For some young children, everyday interactions and choices, or executive function skills, can be a fundamental challenge. Research tells us that certain areas of the brain are responsible for these complex skills that we now know best predict academic and lifelong success.  Join Erin to investigate: (1)How executive function skills impact learning; (2) Brain growth as related to executive function; and (3) the positive and negative impacts of experiences and relationships on self-regulation.

         Erin Akers, M.Ed.

Erin Akers is an early educator, elementary educator, curriculum development specialist, and child advocate. She earned a M.Ed. in Curriculum and Instruction at Regent University in Virginia Beach, VA and a B.S. in Early Childhood Education from Rochester College in Rochester, MI.

Erin started her career as a Kindergarten teacher and since has held various educational roles including Early Education Director, and Elementary Principal for eight years. Erin then shifted her career focus to educational consulting took on the role as the Director of the National Lecture Staff for the Gesell Institute of Child Development. Currently, she is the Director of Education and Development at the Gesell Institute. She has a passion for developmentally appropriate curriculum and instruction, and consults with schools and organizations nationwide. Erin also conducts educational training for educators and parents across the country.

Erin and her husband Ryan are proud parents of four wonderful boys, and reside in Auburn Hills, Michigan.

Early Brain Development and Epigenetics Presented by Judy Romano, MD, FAAP

Stress and the Brain – A Developmental Approach

This session will discuss early childhood brain development, including the neuroscience and epigenetic effects that toxic stress (adverse childhood experiences) has on lifelong health. This session will also provide strategies to promote resilience in young children and their families.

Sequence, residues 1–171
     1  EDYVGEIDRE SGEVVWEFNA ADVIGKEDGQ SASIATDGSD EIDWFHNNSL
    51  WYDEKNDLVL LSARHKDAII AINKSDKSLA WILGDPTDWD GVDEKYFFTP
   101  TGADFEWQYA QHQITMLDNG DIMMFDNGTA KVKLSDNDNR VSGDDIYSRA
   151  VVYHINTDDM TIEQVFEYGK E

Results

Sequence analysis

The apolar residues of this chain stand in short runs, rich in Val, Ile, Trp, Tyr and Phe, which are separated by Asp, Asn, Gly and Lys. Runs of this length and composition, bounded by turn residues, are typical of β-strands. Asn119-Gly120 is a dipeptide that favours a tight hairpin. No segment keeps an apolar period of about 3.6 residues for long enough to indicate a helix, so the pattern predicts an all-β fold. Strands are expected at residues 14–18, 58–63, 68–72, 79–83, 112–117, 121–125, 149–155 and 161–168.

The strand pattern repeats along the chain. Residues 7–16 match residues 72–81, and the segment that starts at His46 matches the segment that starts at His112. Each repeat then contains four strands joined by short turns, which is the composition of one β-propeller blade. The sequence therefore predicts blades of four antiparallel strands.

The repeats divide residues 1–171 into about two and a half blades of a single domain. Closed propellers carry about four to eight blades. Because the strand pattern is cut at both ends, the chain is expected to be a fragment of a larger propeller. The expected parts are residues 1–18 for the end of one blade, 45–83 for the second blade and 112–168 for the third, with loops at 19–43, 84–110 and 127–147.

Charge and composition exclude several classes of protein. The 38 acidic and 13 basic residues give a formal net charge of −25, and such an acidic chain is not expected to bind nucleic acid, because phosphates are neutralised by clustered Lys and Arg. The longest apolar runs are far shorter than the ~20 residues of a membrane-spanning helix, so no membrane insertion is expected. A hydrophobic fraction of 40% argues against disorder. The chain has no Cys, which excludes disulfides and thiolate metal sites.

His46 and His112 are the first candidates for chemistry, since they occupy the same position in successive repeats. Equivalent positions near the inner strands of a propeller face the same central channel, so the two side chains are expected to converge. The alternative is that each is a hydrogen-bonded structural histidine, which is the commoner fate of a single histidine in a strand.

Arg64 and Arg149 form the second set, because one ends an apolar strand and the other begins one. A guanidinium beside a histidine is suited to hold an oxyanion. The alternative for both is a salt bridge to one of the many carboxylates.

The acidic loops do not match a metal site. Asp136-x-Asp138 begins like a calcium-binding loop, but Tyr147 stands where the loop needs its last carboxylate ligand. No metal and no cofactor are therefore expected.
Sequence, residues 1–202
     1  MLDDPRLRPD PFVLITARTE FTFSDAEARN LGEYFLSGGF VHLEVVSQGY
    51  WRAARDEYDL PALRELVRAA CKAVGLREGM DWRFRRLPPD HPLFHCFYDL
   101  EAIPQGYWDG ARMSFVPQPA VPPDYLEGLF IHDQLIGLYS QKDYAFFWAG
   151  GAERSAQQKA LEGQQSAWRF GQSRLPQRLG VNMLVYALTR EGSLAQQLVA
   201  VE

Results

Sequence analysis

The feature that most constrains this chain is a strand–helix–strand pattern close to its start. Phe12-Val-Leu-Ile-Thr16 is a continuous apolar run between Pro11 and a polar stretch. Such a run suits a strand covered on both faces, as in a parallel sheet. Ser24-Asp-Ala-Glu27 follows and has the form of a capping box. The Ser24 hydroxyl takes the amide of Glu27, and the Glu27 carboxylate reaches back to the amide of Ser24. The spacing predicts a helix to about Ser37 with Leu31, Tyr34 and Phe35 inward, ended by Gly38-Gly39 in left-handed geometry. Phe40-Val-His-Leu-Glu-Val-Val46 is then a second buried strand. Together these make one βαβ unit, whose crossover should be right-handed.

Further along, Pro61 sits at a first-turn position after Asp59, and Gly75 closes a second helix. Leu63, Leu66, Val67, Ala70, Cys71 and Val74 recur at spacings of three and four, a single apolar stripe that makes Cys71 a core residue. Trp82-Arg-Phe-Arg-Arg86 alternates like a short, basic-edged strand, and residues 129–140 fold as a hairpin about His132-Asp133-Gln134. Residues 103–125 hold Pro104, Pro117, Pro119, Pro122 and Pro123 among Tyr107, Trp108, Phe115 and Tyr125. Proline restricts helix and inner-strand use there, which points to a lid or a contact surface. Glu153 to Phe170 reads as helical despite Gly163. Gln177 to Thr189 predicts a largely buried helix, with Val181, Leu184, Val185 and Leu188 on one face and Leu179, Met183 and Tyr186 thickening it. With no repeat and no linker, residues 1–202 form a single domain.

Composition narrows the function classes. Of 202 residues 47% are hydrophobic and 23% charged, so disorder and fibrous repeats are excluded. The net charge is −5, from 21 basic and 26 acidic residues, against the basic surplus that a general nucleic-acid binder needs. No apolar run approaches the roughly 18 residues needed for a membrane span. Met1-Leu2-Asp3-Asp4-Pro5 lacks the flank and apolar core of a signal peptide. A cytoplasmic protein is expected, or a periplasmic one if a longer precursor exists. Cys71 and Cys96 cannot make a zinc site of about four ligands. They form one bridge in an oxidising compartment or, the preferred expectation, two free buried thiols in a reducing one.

The Partnership of Sensory Processing and Social Emotional Development

Come learn about types of social emotional learners from a sensory perspective, including avoiding versus seeking behaviors of body awareness.

Marge Holland, R.N., B.S.N., M.P.A., Ph.D.

Marge says, “As a nurse consultant, I visit early childhood classrooms across the states of Illinois and Wisconsin on a monthly basis. I regularly see teachers who have lost patience with young children who are constantly ‘misbehaving’ or ‘acting out’. What many adults comprehend as a child who needs discipline is often times a child who has sensory awareness that is not typical. By implementing simple, proactive, and low-cost methods these children are getting their sensory needs met, leading them to be positive contributors to the classroom. Over my last 20+ years of work, I have come to rely on a handful of strategies that have a near-perfect success rate with consistent implementation. My goal is to continue to spread the word so early childhood learning environments can be stress-free and positive!”